Ahead of Hong Kong's return to Chinese rule in 1997, Britain granted the city’s residents born before the handover British National (Overseas) passports that allowed them to stay in the country for up to six months. In July 2020, the British government offered Hongkongers with BN(O) status and their dependants a pathway to citizenship, in response to Beijing's imposition of the national security law. From January 31, 2021, they can apply for a visa to work or live in Britain for five years, before they are eligible to apply for citizenship.
Anti-China MPs in Britain have claimed human rights violations by banks such as HSBC for making MPF withdrawals difficult while their own government has seized US$2 billion worth of gold from the people of Venezuela.
As Britain spirals down to the status of a third-world country through sheer government incompetence and economic mismanagement, Hong Kong can expect a huge wave of returnees sooner rather than later.
Travellers on social media described queues of several hours at airports including Heathrow and Gatwick as those arriving need to have their passports checked by hand rather than the automated machines.
Hong Kong emigrants to the UK are relishing the current downturn in the UK’s housing market as it presents another real estate investment opportunity.
Other places in crisis are offering ‘baby bonuses’, generous parental leave, allowances for children.
Main programme for BN(O) passport holders covers dependents but only if they applied at the same time as parents.
Home ownership by Hongkongers increased by nearly 12 per cent year on year as of January in the two jurisdictions, where buyers from Hong Kong own more homes than any other foreign group.
Consul General Brian Davidson stresses London’s ‘absolute commitment’ to policy but admits he cannot make any pledges that extend beyond coming poll.
The Hong Kong Market, a pop-up in Glasgow, brought a little of the Lion Rock spirit to the Scottish city by way of 25 stalls selling everything from Chinese street food to massages and haircuts.
By the end of 2024, ETAs will be required for all foreign travellers who are eligible to visit visa-free for short stays, including from Europe.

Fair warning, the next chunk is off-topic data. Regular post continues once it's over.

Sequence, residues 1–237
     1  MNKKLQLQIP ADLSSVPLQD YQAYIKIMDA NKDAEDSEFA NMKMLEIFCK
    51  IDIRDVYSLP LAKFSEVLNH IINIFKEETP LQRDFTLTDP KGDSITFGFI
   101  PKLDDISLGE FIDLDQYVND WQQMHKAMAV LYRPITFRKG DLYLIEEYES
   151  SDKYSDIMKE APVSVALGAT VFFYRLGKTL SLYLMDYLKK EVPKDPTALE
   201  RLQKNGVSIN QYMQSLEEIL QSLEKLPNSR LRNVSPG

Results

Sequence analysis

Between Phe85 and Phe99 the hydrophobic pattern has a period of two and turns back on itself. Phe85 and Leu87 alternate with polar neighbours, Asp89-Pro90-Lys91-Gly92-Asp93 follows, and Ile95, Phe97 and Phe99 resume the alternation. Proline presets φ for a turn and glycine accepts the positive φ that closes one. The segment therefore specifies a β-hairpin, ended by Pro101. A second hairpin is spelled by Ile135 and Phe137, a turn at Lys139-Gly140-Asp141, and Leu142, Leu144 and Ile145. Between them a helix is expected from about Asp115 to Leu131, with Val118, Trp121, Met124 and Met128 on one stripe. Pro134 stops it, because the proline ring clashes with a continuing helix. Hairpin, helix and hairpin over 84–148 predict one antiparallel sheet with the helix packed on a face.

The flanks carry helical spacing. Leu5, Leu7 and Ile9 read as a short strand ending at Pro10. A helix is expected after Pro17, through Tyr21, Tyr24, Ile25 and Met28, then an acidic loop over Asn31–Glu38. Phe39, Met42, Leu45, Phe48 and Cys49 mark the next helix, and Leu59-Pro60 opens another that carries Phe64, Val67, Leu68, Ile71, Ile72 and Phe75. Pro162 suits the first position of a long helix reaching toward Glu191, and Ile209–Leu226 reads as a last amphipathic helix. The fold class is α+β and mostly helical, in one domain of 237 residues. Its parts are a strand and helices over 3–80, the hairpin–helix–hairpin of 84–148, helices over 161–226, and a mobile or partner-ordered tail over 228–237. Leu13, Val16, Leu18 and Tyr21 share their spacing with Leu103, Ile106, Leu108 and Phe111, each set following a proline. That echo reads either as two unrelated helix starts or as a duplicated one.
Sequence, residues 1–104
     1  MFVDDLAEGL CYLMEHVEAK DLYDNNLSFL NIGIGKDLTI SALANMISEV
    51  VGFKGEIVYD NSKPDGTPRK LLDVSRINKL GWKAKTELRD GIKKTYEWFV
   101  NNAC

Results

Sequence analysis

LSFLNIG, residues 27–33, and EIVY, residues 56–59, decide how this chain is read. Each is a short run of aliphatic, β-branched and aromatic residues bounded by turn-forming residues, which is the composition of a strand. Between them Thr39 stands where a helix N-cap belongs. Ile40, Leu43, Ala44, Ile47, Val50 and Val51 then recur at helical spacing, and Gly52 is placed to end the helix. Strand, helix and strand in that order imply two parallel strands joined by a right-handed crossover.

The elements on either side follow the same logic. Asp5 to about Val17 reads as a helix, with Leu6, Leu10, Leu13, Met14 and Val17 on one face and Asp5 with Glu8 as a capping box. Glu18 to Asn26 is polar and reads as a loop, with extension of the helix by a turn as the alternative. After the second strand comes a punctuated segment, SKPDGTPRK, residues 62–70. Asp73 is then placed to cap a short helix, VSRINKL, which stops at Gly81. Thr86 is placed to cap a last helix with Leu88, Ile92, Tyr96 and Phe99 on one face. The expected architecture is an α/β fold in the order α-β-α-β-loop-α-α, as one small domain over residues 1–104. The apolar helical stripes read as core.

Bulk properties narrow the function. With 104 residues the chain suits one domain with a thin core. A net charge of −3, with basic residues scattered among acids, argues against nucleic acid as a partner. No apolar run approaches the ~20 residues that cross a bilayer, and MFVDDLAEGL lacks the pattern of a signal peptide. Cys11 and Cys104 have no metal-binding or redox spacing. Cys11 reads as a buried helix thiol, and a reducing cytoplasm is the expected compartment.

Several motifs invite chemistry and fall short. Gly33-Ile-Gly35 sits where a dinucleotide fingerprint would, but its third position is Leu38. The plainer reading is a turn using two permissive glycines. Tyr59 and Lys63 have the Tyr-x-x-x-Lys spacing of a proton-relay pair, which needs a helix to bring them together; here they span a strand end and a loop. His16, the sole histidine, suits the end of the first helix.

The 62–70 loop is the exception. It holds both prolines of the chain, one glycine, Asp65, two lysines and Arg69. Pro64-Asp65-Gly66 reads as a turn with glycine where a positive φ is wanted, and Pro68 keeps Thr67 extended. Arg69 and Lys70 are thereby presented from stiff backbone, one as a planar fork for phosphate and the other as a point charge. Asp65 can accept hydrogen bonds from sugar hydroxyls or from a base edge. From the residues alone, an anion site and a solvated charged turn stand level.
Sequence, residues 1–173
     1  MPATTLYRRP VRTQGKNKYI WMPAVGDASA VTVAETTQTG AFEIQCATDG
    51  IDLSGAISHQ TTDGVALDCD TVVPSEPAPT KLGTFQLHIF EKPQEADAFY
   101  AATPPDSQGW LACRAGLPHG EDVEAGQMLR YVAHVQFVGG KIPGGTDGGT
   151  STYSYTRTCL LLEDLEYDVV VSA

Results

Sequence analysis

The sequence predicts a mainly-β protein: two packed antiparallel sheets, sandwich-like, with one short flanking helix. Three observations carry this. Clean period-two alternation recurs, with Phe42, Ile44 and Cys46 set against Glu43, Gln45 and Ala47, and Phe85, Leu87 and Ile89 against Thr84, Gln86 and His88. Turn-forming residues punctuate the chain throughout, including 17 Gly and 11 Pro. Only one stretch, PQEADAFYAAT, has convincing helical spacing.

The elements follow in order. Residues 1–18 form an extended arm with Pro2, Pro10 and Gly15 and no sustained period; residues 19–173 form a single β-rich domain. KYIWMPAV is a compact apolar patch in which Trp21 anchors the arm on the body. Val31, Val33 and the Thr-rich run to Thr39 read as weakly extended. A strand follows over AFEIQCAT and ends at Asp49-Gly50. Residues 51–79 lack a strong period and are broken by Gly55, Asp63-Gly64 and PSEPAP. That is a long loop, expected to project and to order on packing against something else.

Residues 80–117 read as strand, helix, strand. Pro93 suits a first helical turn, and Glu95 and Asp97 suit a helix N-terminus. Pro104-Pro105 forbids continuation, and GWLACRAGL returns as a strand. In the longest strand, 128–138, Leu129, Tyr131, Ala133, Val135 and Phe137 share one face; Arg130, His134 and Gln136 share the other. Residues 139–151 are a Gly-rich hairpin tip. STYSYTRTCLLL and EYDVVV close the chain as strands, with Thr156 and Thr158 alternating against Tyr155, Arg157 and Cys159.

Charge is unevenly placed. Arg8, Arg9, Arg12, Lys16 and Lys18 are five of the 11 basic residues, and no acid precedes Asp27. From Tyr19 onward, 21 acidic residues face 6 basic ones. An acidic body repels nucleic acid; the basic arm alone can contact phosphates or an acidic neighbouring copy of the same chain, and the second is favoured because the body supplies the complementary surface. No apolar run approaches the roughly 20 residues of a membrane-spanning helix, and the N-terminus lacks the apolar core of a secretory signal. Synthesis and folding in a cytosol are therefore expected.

Portugal’s decision to end residency scheme fuelled by domestic discontent over massive increase in house prices.
More than 10,100 Hongkongers applied for the pathway to British citizenship in the fourth quarter of last year.
City’s record low 32,500 births marks sixth consecutive year of decline, which Professor Paul Yip from HKU suggests will not be reversed any time soon.
The number of Hong Kong applicants for British universities fell 5.5 per cent year on year to 5,680 for 2023 entry.
Fion Ho, who killed herself months after moving to London, worried about her income and did not feel comfortable in her shared flat, brother tells inquest.
Hongkongers used to buy UK property mainly for investment, but now they want family homes to live in.
Beijing’s foreign affairs office in Hong Kong tells London to stop interfering in city’s internal affairs by claiming it has a ‘so-called historical responsibility’.
‘Extensive efforts’ to lure young Hongkongers pay off as Canada issues over 17,000 open work permits.
Eight prominent subsidised schools reviewed by the Post saw record-high exit rates over the past three academic years.
Chief Executive John Lee says the 42 have secured at least 15 nominations from electoral college before deadline on November 30.
Nearly 8,100 Hongkongers issued study permits for higher education in Canada from January to September this year.
City faces competition as other countries in Asia try to attract start-ups, says executive director of the Alibaba Entrepreneurs Fund.
Britain receives lowest number of BN(O) applications from July to September since scheme opened.
Nearly third of 142,000 Hongkongers who have applied to scheme that leads to UK citizenship are under 18, while those aged 25 to 54 make up majority.
China and Hong Kong accounted for the biggest share of an increase in non-EU students entering UK universities this year, amid a weak pound that gives their families a buying-power boost.
Immigrants stunned by UK’s political chaos, but some find it inspiring to see ‘democracy in action’.
Chief executive, addressing critics a day after maiden policy address, says ‘everyone has a different story’ to leave.